Cycling is like life. Cycling with no goal is meaningless. What meaning is there cycling in circles? Or living aimlessly? Meaning comes from direction and destination. Join me in my life's journey on a mountain bike :)

Blogging since 2003. Thank you for reading :))

Sunday, September 06, 2015

Slow and steady

Good morning Mersing
4-6 Sep, Johor, Malaysia, 279 km

Day 1: 4 Sep. To commeorate Bike 'n' Blade's 10th event, we reprise the route of the 2005 inaugural ride. Instead of a ferry to Desaru, we bus up on 4 Sep. The only cycling I do on is ride 10 km to the bus pickup point. DHL volunteers wraps up our bicycles and loads them. "It's a mountain bike," one volunteer says. Instead of stuffing my machine with the other carbon road bikes in the bus hold, he carries my heavier bike into the bus.

It's great to catch up with some repeat charity riders; we meet once a year. E flew back home from Shanghai just for this. And I'm glad to have  a room mate who doesn't snore; room are assigned randomly.

Nightstop: Pulai Desaru Beach Resort

Rain and shine
Day 2: 5 Sep, Mersing, 135 km. We ride at 7 am. It rains. It's cold. I zip up and ride. The sun comes out. I'm glad, until warm becomes steaming hot.

Non-horizontal, to the horizon
I stop and talk to one volunteer support crew. When I cycle, I have wind to blow away heat, but they stand in the sun. One says cyclists riding in the heat inspire them.

Mersing. I was here two weeks ago. And here I am again. It doesn't get easier. And my butt still hurts. I stop and fiddle with my saddle several times.

So many people pass me by, including a roadie who says "Yay, mountain bike." Two volunteers are on motorbikes: a lady on Ducati and a guy on KTM. I wish I had one of those.

At the hotel, I use an ironing board to dry laundry in the sun, and improvise a plumb line  to adjust my saddle fore-aft position.

Nightstop: Hotel Seri Malaysia Mersing

Feeling at a loss
Day 3: 6 Sep, Desaru, 124 km. After breakfast, I notice my rear tyre is flat. It was ok when I sat on it yesterday afternoon to adjust my saddle.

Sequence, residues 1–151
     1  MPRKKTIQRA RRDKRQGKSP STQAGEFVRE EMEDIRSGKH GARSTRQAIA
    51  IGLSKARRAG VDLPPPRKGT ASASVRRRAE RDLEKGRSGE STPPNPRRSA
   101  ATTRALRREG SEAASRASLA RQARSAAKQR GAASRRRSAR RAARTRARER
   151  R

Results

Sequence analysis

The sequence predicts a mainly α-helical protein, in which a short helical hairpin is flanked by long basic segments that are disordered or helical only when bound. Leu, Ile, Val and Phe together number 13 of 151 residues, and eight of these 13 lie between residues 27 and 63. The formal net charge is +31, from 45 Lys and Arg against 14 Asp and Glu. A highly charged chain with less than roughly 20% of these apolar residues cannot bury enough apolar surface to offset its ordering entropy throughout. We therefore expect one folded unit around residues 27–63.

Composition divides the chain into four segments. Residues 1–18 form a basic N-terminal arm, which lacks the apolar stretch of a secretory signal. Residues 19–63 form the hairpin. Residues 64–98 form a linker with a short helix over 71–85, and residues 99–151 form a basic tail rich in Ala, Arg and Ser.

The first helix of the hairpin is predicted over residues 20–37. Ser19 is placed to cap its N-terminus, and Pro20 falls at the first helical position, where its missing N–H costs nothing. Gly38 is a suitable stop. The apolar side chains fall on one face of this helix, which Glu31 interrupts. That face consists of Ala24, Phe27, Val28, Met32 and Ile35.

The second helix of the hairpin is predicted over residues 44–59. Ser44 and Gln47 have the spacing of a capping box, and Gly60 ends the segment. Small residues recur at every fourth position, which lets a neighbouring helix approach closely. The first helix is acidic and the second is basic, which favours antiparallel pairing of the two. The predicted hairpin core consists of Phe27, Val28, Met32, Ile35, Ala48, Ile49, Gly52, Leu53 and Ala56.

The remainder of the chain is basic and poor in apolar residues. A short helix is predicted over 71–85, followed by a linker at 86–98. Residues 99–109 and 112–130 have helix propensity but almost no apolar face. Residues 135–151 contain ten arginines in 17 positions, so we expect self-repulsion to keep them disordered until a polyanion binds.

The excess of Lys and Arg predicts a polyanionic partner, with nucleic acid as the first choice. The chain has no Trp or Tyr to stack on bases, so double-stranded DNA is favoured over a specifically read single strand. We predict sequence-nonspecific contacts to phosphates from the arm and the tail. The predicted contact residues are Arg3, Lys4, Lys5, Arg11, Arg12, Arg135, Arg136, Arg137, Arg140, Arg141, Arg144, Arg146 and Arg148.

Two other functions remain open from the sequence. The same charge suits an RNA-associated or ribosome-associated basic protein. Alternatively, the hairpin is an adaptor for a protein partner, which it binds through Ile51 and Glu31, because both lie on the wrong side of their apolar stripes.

I look for the hole in the inner tube: I can't see it, feel it, hear it. I fill the sink with water using a makeshift bung, but still fail. I feel the inside of the tyre with both hands but feel at a loss. I replace the inner tube, hoping that what's happened would be like in Inner Mongolia: replacing the tube would fix the problem.

Bad morning
A volunteer checks out of the hotel for me; he says the rest left 5-10 minutes ago. At 7 am, the official flag off time, I sprint to catch up. In the cool morning air, my sweat drips like rain drops on my top tube.

I catch up with riders at the first rest stop. At every stop, I pump up my tyres. It's a slow leak, and I ride slowly. For the first time ever, I see the sweeper, S. He's a regular at charity rides over the years and for the first time, I have a break with him.

Less than 15 km from the end, a sweeper vehicle stops. The crew gently talk me into boarding. This is the first time I'm swept up. I feel deflated like my tyre. Yesterday, "slow and steady wins the race," a roadie told me. Today, a slow and steady leak gets me.

What's the use of cycling on knobby tyres if they puncture like slicks on the road?

On the bus to Singapore, I examine a punctured inner tube. Back in Singapore, I turn the tyre inside out and study it. I just can't see it. I flip the tyre right side up and study it. There, clear as day, a wriggly piece of wire, 1 cm long. It looks like a staple. How did it penetrate the tyre where it hurt most, missing the big knob beside it?

Moral of the story: stick to the discipline of checking the outside of the tyre at the end of every ride, and check the tyre first thing in the morning.

Well, at least my saddle and butt are ok.

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